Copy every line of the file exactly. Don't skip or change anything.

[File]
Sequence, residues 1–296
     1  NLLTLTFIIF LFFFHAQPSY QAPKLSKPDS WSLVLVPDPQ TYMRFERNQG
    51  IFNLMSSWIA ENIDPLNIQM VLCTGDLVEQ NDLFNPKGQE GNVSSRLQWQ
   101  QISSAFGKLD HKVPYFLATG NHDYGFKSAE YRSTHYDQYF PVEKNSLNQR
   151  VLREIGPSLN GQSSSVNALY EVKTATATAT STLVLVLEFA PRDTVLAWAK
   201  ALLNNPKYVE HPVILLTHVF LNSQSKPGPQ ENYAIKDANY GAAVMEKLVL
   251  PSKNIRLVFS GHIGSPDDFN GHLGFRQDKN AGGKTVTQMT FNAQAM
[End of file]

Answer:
Sequence, residues 1–296
     1  NLLTLTFIIF LFFFHAQPSY QAPKLSKPDS WSLVLVPDPQ TYMRFERNQG
    51  IFNLMSSWIA ENIDPLNIQM VLCTGDLVEQ NDLFNPKGQE GNVSSRLQWQ
   101  QISSAFGKLD HKVPYFLATG NHDYGFKSAE YRSTHYDQYF PVEKNSLNQR
   151  VLREIGPSLN GQSSSVNALY EVKTATATAT STLVLVLEFA PRDTVLAWAK
   201  ALLNNPKYVE HPVILLTHVF LNSQSKPGPQ ENYAIKDANY GAAVMEKLVL
   251  PSKNIRLVFS GHIGSPDDFN GHLGFRQDKN AGGKTVTQMT FNAQAM